47 CFR Part 97

Discussion in 'Ham Radio Discussions' started by Guest, Feb 13, 2004.

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  1. Guest

    Guest Guest

    I have a question for those who've been around amateur radio for a lot longer than me (which is probably most of you that are reading this).

    I have read most of 47 C.F.R. Part 97 and am wondering how you longtimers interpret this section, 97.1 (b), part of the purpose of the amateur radio service:

    "(b) Continuation and extension of the amateur's proven ability to contribute to the advancement of the radio art."

    Now, the way I interpret this is to mean that, upon entry into the amateur radio service, an amateur must have a proven ability to contribute more than just asking questions of people who know more than they do, yet I certainly didn't feel fit to do much of anything but that when I was first licensed. Perhaps this is the section of the "amateur radio section" of 47 C.F.R. that causes the angst we are presently seeing amongst those who do not agree with past (and proposed) changes with regard who is to obtain an amateur radio license?

    I know many parts of codes, statutes and regulations can be interpreted differently by different people. However, this one little subsection continues to vex me as to its applied meaning today.
    I do not know what the original authors of this part of the C.F.R. meant when they wrote "radio art". Seems to me that radio is more science than art, but I probably construe that word differently than someone else might.
     
  2. W5ALT

    W5ALT Ham Member QRZ Page

    I take the "continuation and extension of the radio art" to apply to the Amateur Radio Service as a whole, not to each individual amateur. 97.1 gives the FCC's reason for having an Amateur Radio Service, not a reason for having individual amateurs.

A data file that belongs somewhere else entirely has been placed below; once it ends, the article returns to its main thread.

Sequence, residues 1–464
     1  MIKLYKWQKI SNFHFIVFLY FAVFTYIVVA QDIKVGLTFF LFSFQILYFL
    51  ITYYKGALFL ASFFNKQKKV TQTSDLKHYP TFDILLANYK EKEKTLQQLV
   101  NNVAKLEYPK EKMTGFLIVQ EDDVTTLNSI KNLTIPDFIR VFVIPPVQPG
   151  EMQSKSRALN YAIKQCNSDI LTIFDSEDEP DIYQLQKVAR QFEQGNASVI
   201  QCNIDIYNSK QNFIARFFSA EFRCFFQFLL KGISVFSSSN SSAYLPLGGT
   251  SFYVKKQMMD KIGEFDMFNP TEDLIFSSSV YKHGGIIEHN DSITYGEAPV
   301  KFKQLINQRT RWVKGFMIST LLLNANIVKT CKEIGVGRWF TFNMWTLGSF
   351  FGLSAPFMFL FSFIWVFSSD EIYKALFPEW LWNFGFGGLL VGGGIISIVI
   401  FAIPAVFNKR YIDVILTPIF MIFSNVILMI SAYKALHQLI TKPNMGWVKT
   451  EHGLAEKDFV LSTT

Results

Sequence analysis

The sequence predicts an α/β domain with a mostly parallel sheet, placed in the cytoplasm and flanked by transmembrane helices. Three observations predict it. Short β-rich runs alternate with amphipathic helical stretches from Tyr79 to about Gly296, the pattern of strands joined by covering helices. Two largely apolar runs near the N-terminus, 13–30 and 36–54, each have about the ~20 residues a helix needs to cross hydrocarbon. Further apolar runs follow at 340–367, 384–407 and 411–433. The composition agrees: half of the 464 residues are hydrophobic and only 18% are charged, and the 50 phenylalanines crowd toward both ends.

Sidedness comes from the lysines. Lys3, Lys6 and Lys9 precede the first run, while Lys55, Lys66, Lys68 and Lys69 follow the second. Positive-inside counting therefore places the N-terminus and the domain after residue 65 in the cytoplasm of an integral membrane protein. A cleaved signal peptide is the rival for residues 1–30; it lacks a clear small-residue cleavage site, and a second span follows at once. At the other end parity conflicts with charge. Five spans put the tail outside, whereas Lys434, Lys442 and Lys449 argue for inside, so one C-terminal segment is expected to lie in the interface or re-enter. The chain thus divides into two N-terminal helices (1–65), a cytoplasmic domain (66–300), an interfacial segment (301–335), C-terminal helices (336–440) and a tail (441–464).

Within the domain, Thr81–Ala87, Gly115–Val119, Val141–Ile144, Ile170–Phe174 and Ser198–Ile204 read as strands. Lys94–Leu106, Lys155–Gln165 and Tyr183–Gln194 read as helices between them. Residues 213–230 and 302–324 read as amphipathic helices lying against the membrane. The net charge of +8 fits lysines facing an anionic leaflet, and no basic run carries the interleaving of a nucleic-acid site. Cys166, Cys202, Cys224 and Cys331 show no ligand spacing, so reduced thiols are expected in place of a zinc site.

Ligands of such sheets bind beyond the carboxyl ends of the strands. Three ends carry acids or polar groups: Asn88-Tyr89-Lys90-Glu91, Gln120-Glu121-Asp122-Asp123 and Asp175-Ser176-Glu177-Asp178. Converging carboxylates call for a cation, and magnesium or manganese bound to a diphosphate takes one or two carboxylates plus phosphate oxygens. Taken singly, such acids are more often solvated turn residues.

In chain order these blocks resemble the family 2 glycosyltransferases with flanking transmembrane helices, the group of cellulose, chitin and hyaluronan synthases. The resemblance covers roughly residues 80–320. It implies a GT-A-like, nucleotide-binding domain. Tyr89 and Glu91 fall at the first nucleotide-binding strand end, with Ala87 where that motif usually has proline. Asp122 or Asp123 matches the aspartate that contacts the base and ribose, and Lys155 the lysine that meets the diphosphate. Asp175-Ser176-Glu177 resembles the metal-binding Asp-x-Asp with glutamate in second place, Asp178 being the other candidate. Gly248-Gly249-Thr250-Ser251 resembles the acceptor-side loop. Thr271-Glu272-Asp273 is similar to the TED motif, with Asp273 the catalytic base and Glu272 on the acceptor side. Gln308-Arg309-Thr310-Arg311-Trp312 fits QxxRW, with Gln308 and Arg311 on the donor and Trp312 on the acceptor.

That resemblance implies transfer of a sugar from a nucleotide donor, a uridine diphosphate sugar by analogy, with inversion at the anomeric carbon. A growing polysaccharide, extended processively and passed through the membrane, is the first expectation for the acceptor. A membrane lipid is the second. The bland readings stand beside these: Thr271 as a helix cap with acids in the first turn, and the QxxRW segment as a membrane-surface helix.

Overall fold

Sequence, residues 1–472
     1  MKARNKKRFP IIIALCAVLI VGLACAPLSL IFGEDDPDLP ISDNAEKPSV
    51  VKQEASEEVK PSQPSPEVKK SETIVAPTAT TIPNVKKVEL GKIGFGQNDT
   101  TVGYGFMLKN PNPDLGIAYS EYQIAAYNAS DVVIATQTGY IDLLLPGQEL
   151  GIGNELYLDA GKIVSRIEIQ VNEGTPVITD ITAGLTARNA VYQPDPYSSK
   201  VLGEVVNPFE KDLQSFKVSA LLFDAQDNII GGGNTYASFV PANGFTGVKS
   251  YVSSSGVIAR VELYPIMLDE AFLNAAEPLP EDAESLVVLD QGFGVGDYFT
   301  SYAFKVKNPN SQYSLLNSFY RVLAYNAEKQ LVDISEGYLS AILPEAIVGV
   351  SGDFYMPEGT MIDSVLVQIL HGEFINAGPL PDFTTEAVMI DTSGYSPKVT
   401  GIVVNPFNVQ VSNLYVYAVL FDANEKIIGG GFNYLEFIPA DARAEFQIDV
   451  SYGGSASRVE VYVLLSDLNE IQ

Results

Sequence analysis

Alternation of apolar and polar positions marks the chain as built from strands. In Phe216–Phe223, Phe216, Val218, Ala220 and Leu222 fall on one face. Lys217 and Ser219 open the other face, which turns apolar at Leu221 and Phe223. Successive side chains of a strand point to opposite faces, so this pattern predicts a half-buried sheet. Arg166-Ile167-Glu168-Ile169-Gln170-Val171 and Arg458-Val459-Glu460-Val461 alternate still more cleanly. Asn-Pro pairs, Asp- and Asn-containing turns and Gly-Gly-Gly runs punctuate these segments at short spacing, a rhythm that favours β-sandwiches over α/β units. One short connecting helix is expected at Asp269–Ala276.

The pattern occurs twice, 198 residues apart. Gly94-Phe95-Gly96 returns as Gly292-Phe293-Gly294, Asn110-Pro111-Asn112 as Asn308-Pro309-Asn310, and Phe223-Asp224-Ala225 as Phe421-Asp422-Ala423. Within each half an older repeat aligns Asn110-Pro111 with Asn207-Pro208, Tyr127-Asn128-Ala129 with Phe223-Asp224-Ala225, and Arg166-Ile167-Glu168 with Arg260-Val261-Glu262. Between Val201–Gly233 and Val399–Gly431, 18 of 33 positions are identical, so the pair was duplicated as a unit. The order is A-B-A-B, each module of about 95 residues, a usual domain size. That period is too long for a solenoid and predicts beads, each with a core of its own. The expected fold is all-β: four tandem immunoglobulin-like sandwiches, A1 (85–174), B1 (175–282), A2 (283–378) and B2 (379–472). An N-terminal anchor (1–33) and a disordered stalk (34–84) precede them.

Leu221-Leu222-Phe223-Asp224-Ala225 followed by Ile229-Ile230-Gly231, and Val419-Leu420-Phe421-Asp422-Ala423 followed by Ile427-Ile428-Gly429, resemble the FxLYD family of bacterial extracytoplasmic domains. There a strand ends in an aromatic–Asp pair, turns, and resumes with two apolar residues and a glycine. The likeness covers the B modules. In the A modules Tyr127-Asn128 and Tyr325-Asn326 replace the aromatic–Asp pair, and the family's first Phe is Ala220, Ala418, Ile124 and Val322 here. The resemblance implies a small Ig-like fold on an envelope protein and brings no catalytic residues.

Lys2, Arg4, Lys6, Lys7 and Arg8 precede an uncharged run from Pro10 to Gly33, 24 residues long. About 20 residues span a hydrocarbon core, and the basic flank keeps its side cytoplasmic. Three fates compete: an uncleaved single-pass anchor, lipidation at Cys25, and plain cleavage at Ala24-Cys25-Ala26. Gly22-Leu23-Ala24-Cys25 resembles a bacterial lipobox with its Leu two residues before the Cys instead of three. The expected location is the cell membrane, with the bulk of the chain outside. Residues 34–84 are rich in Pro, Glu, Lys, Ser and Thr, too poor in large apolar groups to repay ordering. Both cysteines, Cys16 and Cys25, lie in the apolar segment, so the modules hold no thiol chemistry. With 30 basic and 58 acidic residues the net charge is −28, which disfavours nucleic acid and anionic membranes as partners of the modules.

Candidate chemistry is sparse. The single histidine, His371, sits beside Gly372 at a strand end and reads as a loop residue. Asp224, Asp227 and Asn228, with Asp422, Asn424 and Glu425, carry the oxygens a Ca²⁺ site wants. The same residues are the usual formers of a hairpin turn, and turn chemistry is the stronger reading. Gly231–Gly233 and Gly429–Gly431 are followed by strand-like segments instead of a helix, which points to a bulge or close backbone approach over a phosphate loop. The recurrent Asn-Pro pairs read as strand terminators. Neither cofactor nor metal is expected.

I see it as at the company where I work. We hire and train new people all the time. Our goal is to maintain a trained staff and advance our technical abilities as a company, but that doesn't mean that everyone we hire has to be already trained and ready to advance the state of the art.

    As far as the word "art," I take that to mean the same thing it means in the expression "state of the art" electronics or engineering. Basically it fits the following dictionary definition:

    "Skill that is attained by study, practice, or observation: the art of the baker; the blacksmith's art. "

    73,
     
  3. N0PU

    N0PU Guest

    ODY:

    I agree with Walt but I take it a step further...

    I look at that as a goal... not something that the licence says you already have but as setting a goal that each of us tries to gain on as we work to be better and better Hams...

    The license, IMHO, is proof that you have the absolute minimum requirements to start your Ham Journey..

    From there you go on your own path to continue your personal education so that you can add value to the Ham community... You may study and use FM communications and procedures and your education adds to the pool of available communicators for the overall service... You may go on to learn about dipoles and their construction... this is a good thing to know in an emergency if you are setting up an HF comm station...

    My point is, every time you learn something you are adding to the pool of useful individuals who can be called on and relied on to perform whatever task is put before them...

    Most of us never get called on to do extra-ordinary things, but we are prepared to do them if we are called....

    THAT is the point of the Amateur Radio Service....

    and we get to have fun doing it... and we get to treat it like a hobby too...